I had the opportunity on a recent winter vacation get-a-way to read Outliers by Malcolm Gladwell. I had read his two previous books The Tipping Point and Blink and enjoyed them both. Two of my educator colleagues had recommended Outliers so I was looking forward to having the time for reading.
I wasn’t disappointed except that the book ended too soon as I was enjoying the examples of patterns Gladwell identifies in the study of successful people.
Two of his points connected strongly with my thinking about how we prepare students with the knowledge and attitudes to understand success. How far can you go on natural ability and talent? Where does hard work fit in? What effort does success require? What makes hard work fun?
Several years ago I read Rafe Esquith’s book, There Are No Short Cuts. Esquith got that line from a musician who was asked by one of Esquith’s students how he made such beautiful music. The answer the student received was, “There are no short cuts”. That banner went up in Esquith’s classroom as the key to students understanding a critical component of success. (Esquith’s class web site) (Washinton Post article on Rafe Esquith)
Gladwell sites the studies of psychologist K. Anders Ericsson. Amateur musicians never practiced more than about three hours a week over the course of their childhood and by the age of twenty totaled 4000 hours of practice. Professionals had steadily increased practice time every year and by the age of twenty had reached 10,000 hours of practice.
Ten thousand (10,000) appears to be a rule when studying successful people. From musicians, such as the Beetles, to ice hockey and soccer stars, to Bill Gates this level of practice and experience appears. These are great stories to share with students who often see successful people as naturally talented and/or lucky. Knowing about the effort people invested is helpful.
Another piece of Gladwell’s writing that caught my interest identified three qualities of work that need to be present for work to be satisfying: autonomy, complexity, and a connection between effort and reward. All three are equally important for students to find school work (learning) satisfying.
Autonomy— a sense of being your own boss. …being responsible for decisions and directions. I often point out that in an elementary school you find kindergarten students making more choices in a day than fifth graders. Those younger students are often more motivated. Successful alternative programs or academies are often built on increasing student autonomy… Note: this is critical in coaches and administrators building teacher motivation by increasing teacher autonomy.
Complexity—- Gladwell shows how wet-rice farming peasants in China had laborious work like peasants in other feudal systems but differed in that their work required an exactness.. “complexity” … the work wasn’t just back breaking, but required care and thought. I often share that when teachers try to make “tested material” simple for learners, it actually makes internalization more difficult. The mind seems to work best when tackling complexity. As an example, I suggest taking a culminating activity for a unit of study and opening the unit with it. As students struggle in that complexity, they gain a reason for “working hard” to learn the material.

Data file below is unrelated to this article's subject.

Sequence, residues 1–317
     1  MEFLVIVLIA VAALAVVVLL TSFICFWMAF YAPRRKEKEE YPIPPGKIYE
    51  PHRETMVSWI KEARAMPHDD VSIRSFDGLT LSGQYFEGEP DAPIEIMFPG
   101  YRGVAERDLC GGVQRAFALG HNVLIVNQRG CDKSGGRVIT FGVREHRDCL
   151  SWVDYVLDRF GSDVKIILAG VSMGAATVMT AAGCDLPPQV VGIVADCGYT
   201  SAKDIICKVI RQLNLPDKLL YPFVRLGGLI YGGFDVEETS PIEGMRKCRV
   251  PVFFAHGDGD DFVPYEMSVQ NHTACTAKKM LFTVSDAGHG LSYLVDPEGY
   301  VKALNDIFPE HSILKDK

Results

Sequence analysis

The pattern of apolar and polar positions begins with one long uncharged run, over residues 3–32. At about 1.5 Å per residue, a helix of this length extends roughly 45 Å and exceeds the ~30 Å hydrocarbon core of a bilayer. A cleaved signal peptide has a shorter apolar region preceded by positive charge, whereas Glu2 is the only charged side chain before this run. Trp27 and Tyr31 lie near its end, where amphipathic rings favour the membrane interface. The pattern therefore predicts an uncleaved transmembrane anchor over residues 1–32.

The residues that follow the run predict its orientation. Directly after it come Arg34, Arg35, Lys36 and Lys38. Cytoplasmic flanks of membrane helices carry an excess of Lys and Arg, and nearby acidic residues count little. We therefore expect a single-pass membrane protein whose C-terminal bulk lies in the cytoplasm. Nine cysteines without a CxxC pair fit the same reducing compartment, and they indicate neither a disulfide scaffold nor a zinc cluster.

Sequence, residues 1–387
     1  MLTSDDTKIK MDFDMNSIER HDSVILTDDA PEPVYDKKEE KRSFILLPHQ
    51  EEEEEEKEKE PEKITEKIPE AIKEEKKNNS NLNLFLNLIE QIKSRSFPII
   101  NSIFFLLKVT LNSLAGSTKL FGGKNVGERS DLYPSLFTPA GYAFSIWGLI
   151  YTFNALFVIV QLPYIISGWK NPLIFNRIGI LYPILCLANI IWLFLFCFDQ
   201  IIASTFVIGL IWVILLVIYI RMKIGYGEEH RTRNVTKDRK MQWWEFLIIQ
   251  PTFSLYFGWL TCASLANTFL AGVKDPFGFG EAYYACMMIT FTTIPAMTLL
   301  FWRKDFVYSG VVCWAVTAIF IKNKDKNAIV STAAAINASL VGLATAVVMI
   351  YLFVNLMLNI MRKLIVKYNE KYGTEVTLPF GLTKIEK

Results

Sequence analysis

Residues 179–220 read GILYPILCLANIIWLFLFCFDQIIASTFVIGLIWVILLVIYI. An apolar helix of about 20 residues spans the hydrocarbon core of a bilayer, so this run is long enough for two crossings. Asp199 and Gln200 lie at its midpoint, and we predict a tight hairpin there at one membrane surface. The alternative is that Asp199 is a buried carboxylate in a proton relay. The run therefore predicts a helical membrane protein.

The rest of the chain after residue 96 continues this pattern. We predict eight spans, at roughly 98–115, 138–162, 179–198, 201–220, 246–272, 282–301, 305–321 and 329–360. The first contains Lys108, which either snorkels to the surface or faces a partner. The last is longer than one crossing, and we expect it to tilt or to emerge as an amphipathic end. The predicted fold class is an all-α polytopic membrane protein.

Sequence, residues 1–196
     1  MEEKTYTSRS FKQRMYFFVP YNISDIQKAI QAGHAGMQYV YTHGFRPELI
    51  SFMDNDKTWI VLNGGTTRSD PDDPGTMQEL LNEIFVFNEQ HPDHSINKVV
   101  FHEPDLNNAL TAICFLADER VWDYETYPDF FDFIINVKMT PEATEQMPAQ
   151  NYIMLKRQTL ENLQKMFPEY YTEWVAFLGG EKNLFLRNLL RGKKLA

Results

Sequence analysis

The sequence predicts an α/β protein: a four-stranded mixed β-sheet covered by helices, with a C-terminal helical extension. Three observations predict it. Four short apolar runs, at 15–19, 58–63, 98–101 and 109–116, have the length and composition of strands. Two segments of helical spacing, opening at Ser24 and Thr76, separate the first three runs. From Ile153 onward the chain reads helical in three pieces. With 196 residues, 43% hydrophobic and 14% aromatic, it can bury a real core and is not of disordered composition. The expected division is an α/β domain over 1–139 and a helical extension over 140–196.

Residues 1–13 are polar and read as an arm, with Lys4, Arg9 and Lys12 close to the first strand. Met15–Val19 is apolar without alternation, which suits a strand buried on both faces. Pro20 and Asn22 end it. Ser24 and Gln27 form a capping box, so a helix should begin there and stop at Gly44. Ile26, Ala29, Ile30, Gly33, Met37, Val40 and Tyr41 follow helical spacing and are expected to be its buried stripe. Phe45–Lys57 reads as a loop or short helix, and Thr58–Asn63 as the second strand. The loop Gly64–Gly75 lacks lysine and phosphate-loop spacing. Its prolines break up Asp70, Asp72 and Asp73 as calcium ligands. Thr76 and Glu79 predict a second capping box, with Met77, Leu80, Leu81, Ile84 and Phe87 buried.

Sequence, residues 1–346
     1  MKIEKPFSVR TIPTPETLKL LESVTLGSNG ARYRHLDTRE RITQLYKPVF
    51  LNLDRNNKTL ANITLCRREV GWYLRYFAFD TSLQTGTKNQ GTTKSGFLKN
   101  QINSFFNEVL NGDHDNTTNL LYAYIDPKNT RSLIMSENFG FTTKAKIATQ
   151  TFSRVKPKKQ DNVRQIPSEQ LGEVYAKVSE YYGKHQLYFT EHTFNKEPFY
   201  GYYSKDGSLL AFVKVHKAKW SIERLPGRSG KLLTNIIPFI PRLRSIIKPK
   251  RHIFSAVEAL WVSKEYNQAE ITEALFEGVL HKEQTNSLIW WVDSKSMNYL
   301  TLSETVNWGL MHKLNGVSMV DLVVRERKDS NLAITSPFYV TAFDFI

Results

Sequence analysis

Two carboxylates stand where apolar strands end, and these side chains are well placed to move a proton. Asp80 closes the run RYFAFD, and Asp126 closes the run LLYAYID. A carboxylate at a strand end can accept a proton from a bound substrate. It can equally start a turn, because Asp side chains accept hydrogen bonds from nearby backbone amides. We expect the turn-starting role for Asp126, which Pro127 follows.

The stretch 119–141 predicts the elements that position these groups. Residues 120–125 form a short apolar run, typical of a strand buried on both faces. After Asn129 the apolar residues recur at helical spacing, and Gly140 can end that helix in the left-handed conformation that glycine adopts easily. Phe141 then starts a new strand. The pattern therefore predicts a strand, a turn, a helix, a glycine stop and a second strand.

Connection between effort and reward—the wet-rice farmers had to pay a flat rate of their harvest to the landowner so when their thinking and hard work increased yield, they profited from it. Students need to see a connection between the efforts teachers are requesting and the desired outcomes the student seeks. In Tapping Student Effort , I explored the need for teachers to know and sometimes build pictures of the students’ future in order to show the connection between effort and the reward in the future.
Autonomy, complexity, and connection between effort and reward make work meaningful. If we want students to invest effort in school, we need to make learning meaningful. For many students “passing the state test” is not a meaningful task. Teachers need to invest in finding those meaningful learning activities where student learning can later “show up” on the state test.
In an article in the Feb (2009) issue of Phi Delta Kappan, Upper Elementary Grades Bear the Brunt of Accountability, Lorin W. Anderson reports the following on meaningful learning [page 416].
Strategies for helping elementary students make sense of core subjects have been identified. For example:
• Students are more likely to make sense of language when teachers spend more time coaching rather than direct teaching (Allington and Johnston 2001).
• Students are more likely to make sense of mathematics when they’re solving real problems in collaboration with their peers (Ginsburg-Block 1999).
• Students are more likely to make sense of science when instruction builds directly on students’ conceptual frameworks, that is, the ways in which students currently understand the natural world (NSTA 2002).
• Students are more likely to make sense of history when instruction incorporates the sounds and images of videotapes, streaming video, and films and includes required oral history projects (Hoge 1988).
The need for meaningful work is why I am excited whenever I find the great examples of teachers engaging students in Live Event Learning.